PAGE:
i think people need to look at Chrome OS from two perspectives.

    1) Google's perspective… they want to initially support Netbooks, and only use SSD Drives and hardware that is they can fine tune to make it SCREAM with speed.

    2) Open Source Community will morph it into ANY config they want. The way I see it… is that ChromeOS will spawn a whole new Breed of Distro which will support Desktop hardware, just like what we see with Ubuntu etc… but will be Chrome centric…

    Once Native Client and HTML5 are finalized, there is going to be a MASSIVE explosion of applications. And guess what? All of it will be able to run in ANY browser!

    This in my eyes is revolutionary. It is NOT just a browser, its a SUPER browser, again able to play games ( vai native client + webGL + HTML5 ) it will still support javascript, and flash and all exisinst web pages…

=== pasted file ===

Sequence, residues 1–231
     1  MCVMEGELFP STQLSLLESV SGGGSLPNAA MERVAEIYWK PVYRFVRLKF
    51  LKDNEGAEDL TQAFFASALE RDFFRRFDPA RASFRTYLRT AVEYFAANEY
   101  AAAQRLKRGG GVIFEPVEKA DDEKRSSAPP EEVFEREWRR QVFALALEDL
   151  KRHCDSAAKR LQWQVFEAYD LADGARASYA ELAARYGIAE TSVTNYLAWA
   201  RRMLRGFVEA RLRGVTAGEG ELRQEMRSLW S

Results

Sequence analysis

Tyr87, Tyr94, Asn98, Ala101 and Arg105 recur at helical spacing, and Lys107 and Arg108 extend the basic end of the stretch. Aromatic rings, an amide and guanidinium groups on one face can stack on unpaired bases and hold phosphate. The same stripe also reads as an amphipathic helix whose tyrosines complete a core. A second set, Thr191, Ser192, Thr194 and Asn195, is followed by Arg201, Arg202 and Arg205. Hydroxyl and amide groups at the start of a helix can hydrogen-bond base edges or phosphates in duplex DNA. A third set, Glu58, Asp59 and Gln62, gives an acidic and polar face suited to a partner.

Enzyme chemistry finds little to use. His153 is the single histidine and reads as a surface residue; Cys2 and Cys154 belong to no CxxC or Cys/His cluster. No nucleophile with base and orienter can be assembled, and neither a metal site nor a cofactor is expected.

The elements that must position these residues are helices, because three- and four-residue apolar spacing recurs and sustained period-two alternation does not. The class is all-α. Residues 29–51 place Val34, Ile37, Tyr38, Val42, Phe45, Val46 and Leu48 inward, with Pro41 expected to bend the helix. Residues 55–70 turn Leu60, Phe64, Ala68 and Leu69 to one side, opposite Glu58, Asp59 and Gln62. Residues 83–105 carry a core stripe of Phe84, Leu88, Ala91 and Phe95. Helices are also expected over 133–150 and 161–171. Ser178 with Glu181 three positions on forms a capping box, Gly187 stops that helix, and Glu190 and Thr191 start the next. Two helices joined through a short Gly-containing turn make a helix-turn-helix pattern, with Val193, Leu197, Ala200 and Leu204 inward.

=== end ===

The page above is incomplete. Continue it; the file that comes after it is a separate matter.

Just the shift will be that most Apps will move to run in this next Gen browser with capabilities beyond links and imagines.

    AND… guess who owns it? no one.. which means EVERYONE can leverage it, write apps for it… it is just the Web and the Browser as the 'Main and Only Screen' Everything will be rendered in the Browser.

    Also, Local storage will be important just as important as putting it on the cloud so you can recover from crashes or theft.

    It is hard for a lot of people to fully 'grasp' what Google is doing here. Because there are so many parts to concider.

  4. I must say I find the concept of a web-based OS such as Google Chrome extremely exciting and a natural next step in OS technology.

    However, one has to keep in mind that the bandwidth and latency requirements of the Internet connection needed for running such an OS is not present in many parts of the world.